by Mark McKee Jr.
I feed it and it grows and it spits up.
I shovel the vomit into piles, build sand castles. It dances back and forth, first hopping on one hind foot then the other. Its feet are green and black.
A gull cries over the sea. Waves crash along the white sand beach.
It nods at the castle, “I pillage?”
“Go ahead,” I say.
It steps backwards, counting to five. It counts the steps loudly, like this,”Umph. Umph. Umph.” At the end of the five steps it runs in place, mounting speed. The sand on the beach erodes under its spinning feet. My eyes lose track of them. They become a single green foot. The scales are no longer visible.
It’s running so fast it spits up.
Now it’s choking. I run over, scoop up piles of vomit, force open its mouth, jam the semi-liquid goo back down its throat.
It calms down. Sated.
We sit beside a fire. Its eyes are alight. Big moon eyes. Crescent moon eyes. Like the parings of finger nails. It has sharp black nails.
I start to say, I want to tell you about your mother, but stop. I can’t make myself discuss it. So much blood. The screaming still burns in my ears. Are we born innocent, or are we born as guilty as when we exit?
“Dada,” it says, pointing at the sand castles. It jumps up and down, clapping its hairy black paws.
“Go ahead,” I say.
It steps back five more paces, umphing once more between each step. Umph. Umph. Then it spins its green legs until there is only one. One spinning green leg. The leg spins so fast I’m afraid it will fall off.
Then it shoots forward.
It neglects the castles. It’s running at me with black and green arms spread wide.
“Dada,” it says.
It’s coming for me. Arms spread. Running legs. Spinning. Straight for me. Green, scaly, hairy arms spread.
I brace myself. I watch it turn somersaults. Three of them. Perfect circles.
My son makes perfect circles in the air. He makes cooing noises while he spins. I see my wife on the hospital bed. Her head thrown back in agony. Sweat glistening on her forehead. The child rips open her stomach, her womb. He is suffocating, trying to get out. He was just a child. A baby. It wasn’t his fault.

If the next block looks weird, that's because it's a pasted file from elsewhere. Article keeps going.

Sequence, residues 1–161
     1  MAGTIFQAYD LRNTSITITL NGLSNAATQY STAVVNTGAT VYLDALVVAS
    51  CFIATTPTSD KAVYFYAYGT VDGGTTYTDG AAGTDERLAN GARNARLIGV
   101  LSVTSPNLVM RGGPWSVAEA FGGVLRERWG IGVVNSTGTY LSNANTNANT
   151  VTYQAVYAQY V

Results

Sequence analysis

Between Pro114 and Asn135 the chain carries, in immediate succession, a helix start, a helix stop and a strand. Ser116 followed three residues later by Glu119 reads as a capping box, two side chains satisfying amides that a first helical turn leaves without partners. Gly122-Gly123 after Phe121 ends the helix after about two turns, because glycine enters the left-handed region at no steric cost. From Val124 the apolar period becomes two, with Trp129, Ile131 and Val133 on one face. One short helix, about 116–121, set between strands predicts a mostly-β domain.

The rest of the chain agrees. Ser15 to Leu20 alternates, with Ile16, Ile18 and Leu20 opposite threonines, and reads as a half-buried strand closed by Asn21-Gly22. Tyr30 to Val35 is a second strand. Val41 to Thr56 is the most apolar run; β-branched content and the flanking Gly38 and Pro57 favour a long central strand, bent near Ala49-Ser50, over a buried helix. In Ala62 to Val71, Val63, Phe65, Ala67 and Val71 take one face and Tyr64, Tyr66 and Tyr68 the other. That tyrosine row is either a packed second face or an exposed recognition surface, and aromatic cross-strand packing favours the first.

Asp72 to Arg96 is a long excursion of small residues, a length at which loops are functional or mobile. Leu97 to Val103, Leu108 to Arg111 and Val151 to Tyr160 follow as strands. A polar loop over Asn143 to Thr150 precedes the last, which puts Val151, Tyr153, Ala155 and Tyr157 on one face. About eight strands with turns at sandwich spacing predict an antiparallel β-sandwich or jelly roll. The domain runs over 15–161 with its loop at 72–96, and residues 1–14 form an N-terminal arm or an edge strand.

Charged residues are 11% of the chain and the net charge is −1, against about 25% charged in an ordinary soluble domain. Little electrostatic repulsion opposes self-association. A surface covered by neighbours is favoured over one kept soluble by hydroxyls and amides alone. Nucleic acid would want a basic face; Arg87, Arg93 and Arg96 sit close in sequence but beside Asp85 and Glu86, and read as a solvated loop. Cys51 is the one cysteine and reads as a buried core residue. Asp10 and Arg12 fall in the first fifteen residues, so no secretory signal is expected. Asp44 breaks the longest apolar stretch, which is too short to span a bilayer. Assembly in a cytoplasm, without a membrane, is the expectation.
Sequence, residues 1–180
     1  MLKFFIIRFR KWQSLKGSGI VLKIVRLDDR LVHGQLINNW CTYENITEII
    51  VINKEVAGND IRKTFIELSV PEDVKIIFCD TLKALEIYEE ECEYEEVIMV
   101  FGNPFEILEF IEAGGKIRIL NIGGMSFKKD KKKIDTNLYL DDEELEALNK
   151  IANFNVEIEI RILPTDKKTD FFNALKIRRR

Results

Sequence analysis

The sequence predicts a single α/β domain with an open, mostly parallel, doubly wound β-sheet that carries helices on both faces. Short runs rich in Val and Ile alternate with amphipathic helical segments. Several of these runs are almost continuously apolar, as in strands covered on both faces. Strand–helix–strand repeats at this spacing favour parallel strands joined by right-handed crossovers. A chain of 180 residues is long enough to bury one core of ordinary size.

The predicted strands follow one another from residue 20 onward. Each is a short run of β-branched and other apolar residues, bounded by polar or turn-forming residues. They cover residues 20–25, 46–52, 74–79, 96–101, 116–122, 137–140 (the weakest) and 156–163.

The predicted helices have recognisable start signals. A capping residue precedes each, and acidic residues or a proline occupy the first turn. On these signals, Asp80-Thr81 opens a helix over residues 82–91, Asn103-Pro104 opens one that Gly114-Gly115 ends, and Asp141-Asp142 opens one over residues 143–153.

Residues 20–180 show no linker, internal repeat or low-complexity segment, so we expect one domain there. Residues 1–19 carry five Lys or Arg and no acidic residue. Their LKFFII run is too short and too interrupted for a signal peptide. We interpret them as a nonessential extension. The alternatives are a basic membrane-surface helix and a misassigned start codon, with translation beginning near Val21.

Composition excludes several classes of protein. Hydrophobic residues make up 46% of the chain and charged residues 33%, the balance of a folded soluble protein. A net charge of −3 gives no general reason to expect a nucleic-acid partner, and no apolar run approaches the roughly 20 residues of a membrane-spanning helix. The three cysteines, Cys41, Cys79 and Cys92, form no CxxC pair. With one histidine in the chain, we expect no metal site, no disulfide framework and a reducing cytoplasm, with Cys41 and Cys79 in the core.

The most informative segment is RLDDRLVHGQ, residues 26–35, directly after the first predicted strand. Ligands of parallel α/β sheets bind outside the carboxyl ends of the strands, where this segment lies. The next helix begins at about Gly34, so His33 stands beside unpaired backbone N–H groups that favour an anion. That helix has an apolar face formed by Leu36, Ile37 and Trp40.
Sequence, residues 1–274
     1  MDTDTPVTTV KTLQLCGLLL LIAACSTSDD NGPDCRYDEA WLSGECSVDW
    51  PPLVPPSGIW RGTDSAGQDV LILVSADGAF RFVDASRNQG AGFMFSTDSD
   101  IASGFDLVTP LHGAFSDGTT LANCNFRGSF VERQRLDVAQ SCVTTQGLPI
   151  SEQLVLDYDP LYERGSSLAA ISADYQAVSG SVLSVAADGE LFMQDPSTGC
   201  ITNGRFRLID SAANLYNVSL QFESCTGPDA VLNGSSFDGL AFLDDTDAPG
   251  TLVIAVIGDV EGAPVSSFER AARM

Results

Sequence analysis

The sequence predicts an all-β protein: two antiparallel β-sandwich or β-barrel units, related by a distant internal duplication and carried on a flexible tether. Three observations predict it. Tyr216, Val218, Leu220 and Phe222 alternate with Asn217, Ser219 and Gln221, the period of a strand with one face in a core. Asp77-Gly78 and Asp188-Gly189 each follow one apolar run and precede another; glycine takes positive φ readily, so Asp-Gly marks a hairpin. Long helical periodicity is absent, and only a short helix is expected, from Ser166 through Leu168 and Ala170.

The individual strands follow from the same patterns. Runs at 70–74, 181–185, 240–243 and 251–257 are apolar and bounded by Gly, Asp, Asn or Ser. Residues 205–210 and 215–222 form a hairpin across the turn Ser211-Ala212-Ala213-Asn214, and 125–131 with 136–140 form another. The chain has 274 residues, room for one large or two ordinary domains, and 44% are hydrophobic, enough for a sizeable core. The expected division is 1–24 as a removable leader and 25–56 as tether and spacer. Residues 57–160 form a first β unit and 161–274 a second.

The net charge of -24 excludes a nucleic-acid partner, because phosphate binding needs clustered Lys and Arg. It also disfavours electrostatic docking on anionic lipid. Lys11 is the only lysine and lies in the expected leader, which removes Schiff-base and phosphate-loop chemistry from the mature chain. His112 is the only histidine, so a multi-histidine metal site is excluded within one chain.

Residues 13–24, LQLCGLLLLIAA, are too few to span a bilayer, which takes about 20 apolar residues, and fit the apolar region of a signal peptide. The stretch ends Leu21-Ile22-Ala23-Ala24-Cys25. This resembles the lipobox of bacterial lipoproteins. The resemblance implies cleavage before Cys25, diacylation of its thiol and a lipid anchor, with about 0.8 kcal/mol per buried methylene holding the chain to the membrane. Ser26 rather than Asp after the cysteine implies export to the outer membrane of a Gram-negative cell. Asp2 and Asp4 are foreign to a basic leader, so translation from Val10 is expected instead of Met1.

It wasn’t his fault.
He lands in my arms. Flecks of spit-up dapple his chin.
He smiles at me, says, “Dada.”
“Son,” I say.
The sun has set. The day is done.
About The Author
Fast-Paced Mini Interview (at high speeds! risking dire consequences!)
The Squid: Who would you invite for roadtrip on SHIELD’s hovercarrier?
MM: I would build an automaton, then load the brain cavity with a construct including the personalities of my Mom, Dad, sis, best friend Kasia, and cat Binx.
The Squid: Now, say you’re a freaking science fiction/fantasy action hero… that’s pretty cool!
Tell us, which one you are most like, and why:
a) Conan the Barbarian
b) Han Solo
c) Captain James Tiberius Kirk
d) Buckaroo Bonzai
e) Rick Deckard
MM: This question, it’s like you read my mind.
Since first reading the original stories in 2007, I’ve longed to be the literary Conan the Barbarian. Robert E. Howard is one of my favorite writers (I read anything by him I can get my hands on: Conan, Kull, boxing stories, westerns).
I read somewhere, and I think it was erroneous, but still, that Howard wrote many of the Conan stories with the belief that a real, corporeal Conan was standing behind him, threatening to chop him in half if he didn’t finish a story by a certain deadline. Nice metaphor for writing, eh?
Do I have his muscles, his brawn, his dexterity? Nah. But like to think I have his sense of vengeance, by Crom!
Mark McKee Jr. is an interior decorator from Dyersburg, TN. He likes to review and discuss books on Goodreads.com. You can find him at goodreads.com/markmckeejr. He has also been published in Thaumatrope.
About The Artist
Chris Waltrip is an illustrator based in Austin, Texas. He can be contacted at firstname.lastname@example.org.